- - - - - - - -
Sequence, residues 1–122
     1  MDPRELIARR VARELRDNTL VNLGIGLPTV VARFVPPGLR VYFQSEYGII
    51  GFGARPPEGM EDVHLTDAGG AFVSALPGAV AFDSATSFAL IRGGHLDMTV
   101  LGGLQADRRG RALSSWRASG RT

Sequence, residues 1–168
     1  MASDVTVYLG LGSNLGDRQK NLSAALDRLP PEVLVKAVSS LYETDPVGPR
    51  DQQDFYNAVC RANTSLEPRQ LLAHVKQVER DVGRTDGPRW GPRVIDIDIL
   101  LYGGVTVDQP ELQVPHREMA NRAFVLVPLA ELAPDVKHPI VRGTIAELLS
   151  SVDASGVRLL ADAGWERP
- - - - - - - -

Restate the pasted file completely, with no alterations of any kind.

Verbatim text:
Sequence, residues 1–122
     1  MDPRELIARR VARELRDNTL VNLGIGLPTV VARFVPPGLR VYFQSEYGII
    51  GFGARPPEGM EDVHLTDAGG AFVSALPGAV AFDSATSFAL IRGGHLDMTV
   101  LGGLQADRRG RALSSWRASG RT

Sequence, residues 1–168
     1  MASDVTVYLG LGSNLGDRQK NLSAALDRLP PEVLVKAVSS LYETDPVGPR
    51  DQQDFYNAVC RANTSLEPRQ LLAHVKQVER DVGRTDGPRW GPRVIDIDIL
   101  LYGGVTVDQP ELQVPHREMA NRAFVLVPLA ELAPDVKHPI VRGTIAELLS
   151  SVDASGVRLL ADAGWERP